With Andy Reid out of the way, there may not be an authority figure in Philadelphia sports right now under more scrutiny than Ruben Amaro Jr. Paul Holmgren could probably give him a run for his money, especially if some of the rumored offseason plans are true, but I think we’ve got to go ahead and give the nod to RAJ.
You know what that means. It’s time for the Obligatory Vote of Confidence™! (Needs its own graphic and maybe a jingle.)
Today’s Obligatory Vote of Confidence comes from David Montgomery. The Phillies president tells Bob Brookover for the Inquirer that the general manager is not solely responsible for the club’s issues, giving “credit” to his staff. Then Montgomery made a very curious analogy about decision making and baseball.
"The reality is that when things don't go well, people look to find, well, whose fault is it?" Montgomery said. "I believe in situations like this that when times are good there's enough credit to go around. It's all of us. Ruben is not making independent decisions. He's going with a pretty good group of eyes who are looking out there at players and making determinations. God knows we're all trying to bat 1.000 on decision making. The reality is, I think we do better than the .300 standard in baseball."
Hm. .300 might make for a fine batting average, but I’m pretty sure decision making is held to a higher standard. I don’t know about you, but I expect scouts and executives to be right at least 50% of the time. Otherwise why have a front office at all? All personnel moves can be determined by one or a series of coin flips. At least it's cost effective, and the Phillies could push the savings right into some extra coin flips during free agency.
And as long as we’re deflecting blame across the entire front office, it’s worth noting that somebody had to hire the people steering Amaro wrong. Who would that be? Because apparently that's the person you want to yell at.
Personally, I don’t think Amaro has necessarily been quite as poor at his job as many people seem to believe, but a handful of the missteps he’s made have been rather gargantuan in size. Arguing he’s better at decision making than anybody on his roster is at hitting is an awfully counterproductive way to combat those truths, no?
>> Amaro gets backing from his boss [Inq]
VOORHEES, N.J. — Radko Gudas (wrist) is closer to game action as the Flyers’ defenseman has been cleared to shoot pucks for the “past couple of days.”
The 26-year-old, recovering from a fractured right wrist (his shooting hand), was shooting and hitting in practice Wednesday at Flyers Skate Zone. Gudas has yet to play in a preseason game, but said he’s “pretty close” to 100 percent.
“I can’t say it’s really 100 percent, but it’s getting there soon,” Gudas said following practice.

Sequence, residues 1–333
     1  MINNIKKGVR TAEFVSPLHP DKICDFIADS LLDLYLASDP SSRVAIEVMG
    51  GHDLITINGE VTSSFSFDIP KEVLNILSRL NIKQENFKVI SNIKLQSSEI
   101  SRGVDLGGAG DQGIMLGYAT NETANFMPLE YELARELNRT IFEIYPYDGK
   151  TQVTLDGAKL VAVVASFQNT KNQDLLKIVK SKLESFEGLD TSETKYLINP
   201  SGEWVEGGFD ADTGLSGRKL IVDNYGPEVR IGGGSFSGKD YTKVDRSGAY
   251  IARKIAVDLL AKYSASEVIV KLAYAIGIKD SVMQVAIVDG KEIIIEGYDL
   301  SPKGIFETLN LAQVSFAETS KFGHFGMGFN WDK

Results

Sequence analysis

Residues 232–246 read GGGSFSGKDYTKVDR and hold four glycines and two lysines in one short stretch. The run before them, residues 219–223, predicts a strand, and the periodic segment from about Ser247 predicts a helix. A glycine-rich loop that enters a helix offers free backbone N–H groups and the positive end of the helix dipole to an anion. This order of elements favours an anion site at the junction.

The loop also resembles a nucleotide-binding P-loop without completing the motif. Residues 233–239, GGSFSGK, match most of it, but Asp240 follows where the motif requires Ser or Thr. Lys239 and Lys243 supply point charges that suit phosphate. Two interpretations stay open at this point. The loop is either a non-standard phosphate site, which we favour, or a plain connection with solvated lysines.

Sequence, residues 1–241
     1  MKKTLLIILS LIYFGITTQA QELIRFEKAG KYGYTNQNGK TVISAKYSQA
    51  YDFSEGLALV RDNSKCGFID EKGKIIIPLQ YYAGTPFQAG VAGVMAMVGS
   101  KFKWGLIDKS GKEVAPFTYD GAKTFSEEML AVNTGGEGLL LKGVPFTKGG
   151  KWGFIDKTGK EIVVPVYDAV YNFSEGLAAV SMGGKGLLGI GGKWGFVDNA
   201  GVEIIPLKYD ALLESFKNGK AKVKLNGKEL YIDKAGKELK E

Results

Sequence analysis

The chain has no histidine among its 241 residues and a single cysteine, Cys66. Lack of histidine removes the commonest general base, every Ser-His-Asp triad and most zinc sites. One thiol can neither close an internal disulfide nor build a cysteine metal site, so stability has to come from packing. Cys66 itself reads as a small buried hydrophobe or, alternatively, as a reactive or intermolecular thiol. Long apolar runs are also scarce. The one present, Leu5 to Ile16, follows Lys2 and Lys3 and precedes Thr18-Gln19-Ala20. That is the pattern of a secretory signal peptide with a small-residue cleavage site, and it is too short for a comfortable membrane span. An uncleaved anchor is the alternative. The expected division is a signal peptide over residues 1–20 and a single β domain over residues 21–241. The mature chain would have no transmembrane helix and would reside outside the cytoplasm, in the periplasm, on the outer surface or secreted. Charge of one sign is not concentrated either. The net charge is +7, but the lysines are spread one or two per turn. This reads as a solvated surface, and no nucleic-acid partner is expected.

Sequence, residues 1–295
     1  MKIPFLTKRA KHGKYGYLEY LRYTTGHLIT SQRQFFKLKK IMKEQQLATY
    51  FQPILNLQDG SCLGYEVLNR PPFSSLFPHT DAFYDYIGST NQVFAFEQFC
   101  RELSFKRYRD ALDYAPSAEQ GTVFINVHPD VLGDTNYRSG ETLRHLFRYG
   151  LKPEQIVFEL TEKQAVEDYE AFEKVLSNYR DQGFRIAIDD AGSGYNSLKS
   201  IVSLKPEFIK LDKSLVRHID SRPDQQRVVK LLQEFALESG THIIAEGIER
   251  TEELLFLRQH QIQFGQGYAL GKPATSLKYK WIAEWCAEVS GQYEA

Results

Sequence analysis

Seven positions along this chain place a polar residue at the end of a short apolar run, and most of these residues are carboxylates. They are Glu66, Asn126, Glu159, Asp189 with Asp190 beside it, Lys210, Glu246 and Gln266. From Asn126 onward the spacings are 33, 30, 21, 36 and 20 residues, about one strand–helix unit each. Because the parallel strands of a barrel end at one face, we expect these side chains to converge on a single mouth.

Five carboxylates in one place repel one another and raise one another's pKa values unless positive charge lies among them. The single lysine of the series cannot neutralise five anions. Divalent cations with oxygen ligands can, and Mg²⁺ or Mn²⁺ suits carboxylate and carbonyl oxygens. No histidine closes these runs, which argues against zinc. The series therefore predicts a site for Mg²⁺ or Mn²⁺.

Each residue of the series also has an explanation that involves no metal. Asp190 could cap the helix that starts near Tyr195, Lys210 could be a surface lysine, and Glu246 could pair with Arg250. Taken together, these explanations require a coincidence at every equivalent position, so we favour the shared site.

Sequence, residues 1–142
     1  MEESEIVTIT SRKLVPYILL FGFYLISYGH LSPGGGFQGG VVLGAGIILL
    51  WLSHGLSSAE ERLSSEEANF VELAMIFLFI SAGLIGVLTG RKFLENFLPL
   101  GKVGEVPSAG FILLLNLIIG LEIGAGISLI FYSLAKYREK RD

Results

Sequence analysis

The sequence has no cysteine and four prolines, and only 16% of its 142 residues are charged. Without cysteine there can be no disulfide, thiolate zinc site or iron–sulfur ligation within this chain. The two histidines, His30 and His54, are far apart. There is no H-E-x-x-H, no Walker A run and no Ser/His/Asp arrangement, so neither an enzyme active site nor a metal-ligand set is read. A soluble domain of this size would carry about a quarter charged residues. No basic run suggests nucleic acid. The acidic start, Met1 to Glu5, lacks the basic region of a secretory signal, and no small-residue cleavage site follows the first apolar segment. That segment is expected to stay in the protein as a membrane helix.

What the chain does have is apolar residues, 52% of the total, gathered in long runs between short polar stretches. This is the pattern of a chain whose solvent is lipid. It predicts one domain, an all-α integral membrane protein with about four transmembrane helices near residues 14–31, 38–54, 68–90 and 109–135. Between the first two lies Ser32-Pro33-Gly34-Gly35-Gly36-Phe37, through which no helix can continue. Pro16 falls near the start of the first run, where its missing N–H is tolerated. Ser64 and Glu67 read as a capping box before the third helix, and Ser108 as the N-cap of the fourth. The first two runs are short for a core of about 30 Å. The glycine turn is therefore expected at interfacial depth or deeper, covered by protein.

“There’s a lot of time for me to get in top, game-like shape. There’s not a chance I would miss the start of the season.”
Gudas said the most important aspect of the wrist’s healing is keeping it stable by wearing a brace to limit too much moving.
“It’s better, I’m shooting on it in practices, feels better every day,” he said. “I’m working on a lot of it every day with the strength guys and the doctors here. We’re going day to day, I’m seeing myself sooner than later jumping on the ice.”
The second-year Flyer would like to play in preseason games before the start of the regular season, but also understands the importance of not rushing to avoid costing him regular-season games as a result.
“That’s the main part — feeling pain-free,” Gudas said. “Throughout the season, there’s not a lot of time off so we need to make sure everything is the best it can be before the season starts.
“Obviously it’s going to be the coaches’ decision when to put me in. I’m sure they’re talking with the staff for when would be the proper time.”
Gudas signed a four-year contract extension in June after playing a career-high 76 games and recording 14 points (five goals, nine assists) in 2015-16.
After practice, Flyers head coach Dave Hakstol did not have an update on Gudas or defenseman Nick Schultz, who was shaken up Tuesday night.
“Everybody wants to play at least a game or two before the season,” Gudas said. “I don’t think it needs to be said.
“He wants to have me ready and I want to be ready.”
The Eagles crushed a Super Bowl contender on Sunday at the Linc. And Vegas took notice.
According to Bovada, the Eagles' odds to win the Super Bowl went from 33/1 to 22/1. Just nine teams have shorter odds to win the Super Bowl. The Patriots are tops at 15/4, followed by the Packers (8/1) and the team the Eagles beat, the Steelers (9/1).
With the win, the Eagles also became the favorite to win the NFC East, going from 11/4 to 2/1. They're followed by the Cowboys and Giants (both at 11/5) and last year's division champs, Washington, is at 6/1.
The Eagles are also 12/1 to win the NFC.
Of course, the biggest story for the Eagles this season has been the emergence of rookie quarterback Carson Wentz. He had his first 300-yard passing game Sunday and was named the NFC's Offensive Player of the Week. His odds to win MVP went from 50/1 to 33/1. Those are the same odds as Drew Brees and Eli Manning.
Meanwhile, former Eagles quarterback and current Minnesota Viking Sam Bradford went from 50/1 to 25/1 to win MVP.
While Wentz's MVP odds shortened, his odds to win Rookie of the Year actually got longer, going from 8/5 to 7/4. That could have something to do with the odds of Ezekiel Elliot (7/4), Dak Prescott (5/1) and Sterling Shepard (7/1) all improving.